Rereading that Sharlet piece

harpersReader TK had a fascinating comment on a previous post about the Haggard coverage:

One statement that he has made, repeatedly, concerned me:

Haggard: "Does a Christian need to ask forgiveness each day? No! A mature Christian should not be sinning on a daily basis, so may not need to ask for forgiveness on a daily basis."

The above quote came from a really interesting 09/12/2005 interview with Ted Haggard on the Issues, Etc. radio program hosted by Pastor Wilken. The interview was later rebroadcast, in two parts (part one and part two), on 9/13/05 with added commentary and listener call-ins.

. . . Now, with the allegations and his admissions of some guilt, I can't help but question his doctrine, his steadfast belief, that true and mature Christians no longer sin. The "best" Christians I know live in daily repentance and full knowledge of their capability to sin.

It will be very sad to follow this story because of the many, many families who've followed him to Colorado Springs. Along with the Wilken interview, I highly recommend a lengthy article, Soldiers of Christ, by Jeff Sharlet of Harper's Magazine from May 2005. In re-reading the article this morning about Haggard and those families who followed him to the "city of faith," I found this passage ironic:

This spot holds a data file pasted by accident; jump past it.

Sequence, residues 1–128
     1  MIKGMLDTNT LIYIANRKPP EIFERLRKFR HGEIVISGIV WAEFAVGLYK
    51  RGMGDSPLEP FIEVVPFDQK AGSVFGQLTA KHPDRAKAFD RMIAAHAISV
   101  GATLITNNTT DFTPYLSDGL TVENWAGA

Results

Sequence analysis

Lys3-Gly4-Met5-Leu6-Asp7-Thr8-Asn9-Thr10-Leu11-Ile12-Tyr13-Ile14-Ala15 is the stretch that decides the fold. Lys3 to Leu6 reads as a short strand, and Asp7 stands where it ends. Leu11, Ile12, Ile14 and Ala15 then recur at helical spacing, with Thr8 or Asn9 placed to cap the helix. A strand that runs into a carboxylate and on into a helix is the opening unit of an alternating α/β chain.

"Pastor Ted soon began upsetting the devil's plans. He staked out gay bars, inviting men to come to his church."

I don't know what this says about me, but when I first heard the Haggard story, my thoughts immediately went to Jeff Sharlet. He runs The Revealer, a site that, like ours, analyzes media coverage of religion.

Jeff has written a few long-form reports on religious issues in his day. One, a detailed and insightful look at New Life Church in Colorado Springs, should, as TK says, be reread in light of this news cycle. He's reposted it with the following introduction:

I'm re-posting my original Harper's piece below not because I think I got the story right -- if Jones' story is true, I missed it by a mile -- but because I hope it'll help the journalists now on the job get the story right by not making the mistake I did. The downfall of Ted Haggard is not just another tale of hypocrisy, it's a parable of the paradoxes at the heart of American fundamentalism. I wrote about the role of sex in Ted's theology, but removed it from the final edit of the story (some of it I refashioned into a short essay on Christian Right's men's sex books for Nerve). I made the mistake of viewing Ted's sex and his religion of free market economics as separate spheres. The truth, I suspect, is that they're intimately bound in a worldview of "order," one to which it turns out even Ted cannot conform.

Perhaps some reporters will be able to get the religious angle to this story.

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